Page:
Our Friends in the North High-Rise Council Housing traduced from the start


I managed to miss the iconic nine-part television drama ‘Our Friends in the North’ in the 1990s as John Major’s Conservative administration fell apart. A shortage of anything much to watch on television has driven me to catch up with it on i-player before the BBC whisks it away. Now four episodes in, I will definitely make sure I see it to the end. 

One major sub-plot, based on the notorious real-life corruption issues perpetrated by T. Dan Smith and John Poulson in Newcastle in the 1960s, shows local politicians seduced by bribes into approving contractors who use cheap, but defective, high-rise construction systems to build a new generation of council housing. As the drama has it, the towers were so badly built they were infested with damp within months of completion while leading local politicians were accepting huge bungs to approve the schemes, which the more honest among them knew were inadequate.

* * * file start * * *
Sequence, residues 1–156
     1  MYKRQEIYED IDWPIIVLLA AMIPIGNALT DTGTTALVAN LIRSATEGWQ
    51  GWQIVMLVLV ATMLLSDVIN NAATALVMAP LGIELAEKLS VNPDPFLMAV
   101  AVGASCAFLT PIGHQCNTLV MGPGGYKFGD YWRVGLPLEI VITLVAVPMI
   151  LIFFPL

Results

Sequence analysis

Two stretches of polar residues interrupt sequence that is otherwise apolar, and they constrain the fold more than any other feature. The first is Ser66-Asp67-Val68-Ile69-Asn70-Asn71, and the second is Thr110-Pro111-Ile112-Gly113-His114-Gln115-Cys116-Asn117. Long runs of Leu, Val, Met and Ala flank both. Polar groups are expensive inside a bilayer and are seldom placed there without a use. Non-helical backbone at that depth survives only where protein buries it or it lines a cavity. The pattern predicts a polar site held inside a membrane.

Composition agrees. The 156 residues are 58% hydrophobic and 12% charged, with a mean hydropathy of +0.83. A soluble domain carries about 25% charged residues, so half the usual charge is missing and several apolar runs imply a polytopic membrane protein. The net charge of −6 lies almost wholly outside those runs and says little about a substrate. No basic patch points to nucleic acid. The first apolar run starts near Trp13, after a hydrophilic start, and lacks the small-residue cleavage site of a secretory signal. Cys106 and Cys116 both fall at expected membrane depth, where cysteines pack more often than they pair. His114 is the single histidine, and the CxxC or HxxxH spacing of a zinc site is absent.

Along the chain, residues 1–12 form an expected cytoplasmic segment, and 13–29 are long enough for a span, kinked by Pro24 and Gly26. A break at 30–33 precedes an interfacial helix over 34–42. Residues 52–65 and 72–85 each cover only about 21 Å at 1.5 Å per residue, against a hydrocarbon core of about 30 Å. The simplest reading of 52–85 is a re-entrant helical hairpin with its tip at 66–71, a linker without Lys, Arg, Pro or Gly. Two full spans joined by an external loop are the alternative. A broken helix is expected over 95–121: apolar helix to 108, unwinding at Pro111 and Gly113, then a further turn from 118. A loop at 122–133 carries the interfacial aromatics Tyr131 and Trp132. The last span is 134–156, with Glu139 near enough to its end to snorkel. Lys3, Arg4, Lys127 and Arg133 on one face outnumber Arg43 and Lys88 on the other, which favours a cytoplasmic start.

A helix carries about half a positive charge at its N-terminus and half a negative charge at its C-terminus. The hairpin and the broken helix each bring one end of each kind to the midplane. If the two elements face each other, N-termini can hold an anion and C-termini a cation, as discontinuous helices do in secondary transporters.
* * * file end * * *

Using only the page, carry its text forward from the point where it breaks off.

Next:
To be fair, they were under considerable pressure to expand public housing stock at speed, given the decay into slums of much surviving Victorian terracing. An early scene has Daniel Craig’s ‘Geordie’ standing in front of the front wall of a row of terraced houses being demolished as local politicians struggle to understand what modernist, European council estates were. Paid-up trips to exotic places to look at such developments were the start of the slide into corruption for some. Long before neglect, poor tenant allocation, and the ‘right to buy’ turned the perception of council towers into dysfunctional nests of social deprivation, too many badly built blocks were disastrous advertisements for high-rise. The reputational rot set in early.   

Nicholas Russell